Rogue Archives: Digital Cultural Memory and Media Foundations
The task of archiving was once entrusted only to museums, libraries, and other institutions that acted as repositories of culture in material form. But with the rise of digital networked media, a multitude of self-designated archivists—fans, pirates, hackers—have become practitioners of cultural preservation on the Internet. These nonprofessional archivists have democratized cultural memory, building freely accessible online archives of whatever content they consider suitable for digital preservation.
In Rogue Archives (MIT Press, 2016), Abigail De Kosnik, associate professor in the Department of Theater, Dance, and Performance Studies and the Berkeley Center for New Media, examines the practice of archiving in the transition from print to digital media. She focuses on the genres of “remix culture” and fan fiction, both of which are grounded in a conception of mass culture as an archive from which individuals can redeploy content for their own creation.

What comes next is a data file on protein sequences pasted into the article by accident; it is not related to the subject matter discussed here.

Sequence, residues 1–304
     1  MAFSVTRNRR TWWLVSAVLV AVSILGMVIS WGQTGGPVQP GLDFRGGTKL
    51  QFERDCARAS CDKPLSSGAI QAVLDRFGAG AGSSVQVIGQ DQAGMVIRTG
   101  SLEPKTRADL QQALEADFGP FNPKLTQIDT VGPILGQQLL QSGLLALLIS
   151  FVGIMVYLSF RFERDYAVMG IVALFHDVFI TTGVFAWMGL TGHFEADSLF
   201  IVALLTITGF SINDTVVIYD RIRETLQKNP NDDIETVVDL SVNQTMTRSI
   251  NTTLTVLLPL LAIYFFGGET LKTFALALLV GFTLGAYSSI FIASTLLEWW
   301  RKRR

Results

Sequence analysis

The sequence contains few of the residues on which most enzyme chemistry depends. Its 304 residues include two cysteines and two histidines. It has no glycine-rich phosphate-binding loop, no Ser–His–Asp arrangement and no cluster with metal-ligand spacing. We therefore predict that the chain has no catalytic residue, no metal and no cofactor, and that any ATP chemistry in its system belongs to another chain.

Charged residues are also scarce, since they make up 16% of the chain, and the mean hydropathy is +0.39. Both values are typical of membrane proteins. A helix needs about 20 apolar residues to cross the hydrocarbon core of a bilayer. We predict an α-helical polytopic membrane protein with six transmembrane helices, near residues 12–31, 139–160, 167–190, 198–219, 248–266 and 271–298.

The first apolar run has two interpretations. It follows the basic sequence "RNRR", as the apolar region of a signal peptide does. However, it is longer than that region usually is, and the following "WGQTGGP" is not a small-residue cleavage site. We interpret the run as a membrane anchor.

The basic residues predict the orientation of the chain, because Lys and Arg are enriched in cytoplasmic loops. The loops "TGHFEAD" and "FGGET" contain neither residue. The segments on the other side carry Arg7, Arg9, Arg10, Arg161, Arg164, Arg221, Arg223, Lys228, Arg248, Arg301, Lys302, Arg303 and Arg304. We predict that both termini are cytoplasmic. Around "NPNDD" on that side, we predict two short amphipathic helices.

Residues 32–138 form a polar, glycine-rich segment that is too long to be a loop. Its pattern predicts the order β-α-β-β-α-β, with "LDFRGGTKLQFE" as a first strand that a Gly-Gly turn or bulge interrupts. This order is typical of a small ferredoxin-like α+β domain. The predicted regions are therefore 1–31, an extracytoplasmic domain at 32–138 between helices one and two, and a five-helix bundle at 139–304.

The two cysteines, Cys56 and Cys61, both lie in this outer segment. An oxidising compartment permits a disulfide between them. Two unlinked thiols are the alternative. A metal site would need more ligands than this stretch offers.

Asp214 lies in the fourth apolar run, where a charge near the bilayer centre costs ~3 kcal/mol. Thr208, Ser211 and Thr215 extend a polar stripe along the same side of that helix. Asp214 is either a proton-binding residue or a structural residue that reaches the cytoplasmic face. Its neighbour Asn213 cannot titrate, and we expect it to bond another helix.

After an introduction by Mark Griffith (Classics), De Kosnik will speak briefly about her book and then open the floor for discussion.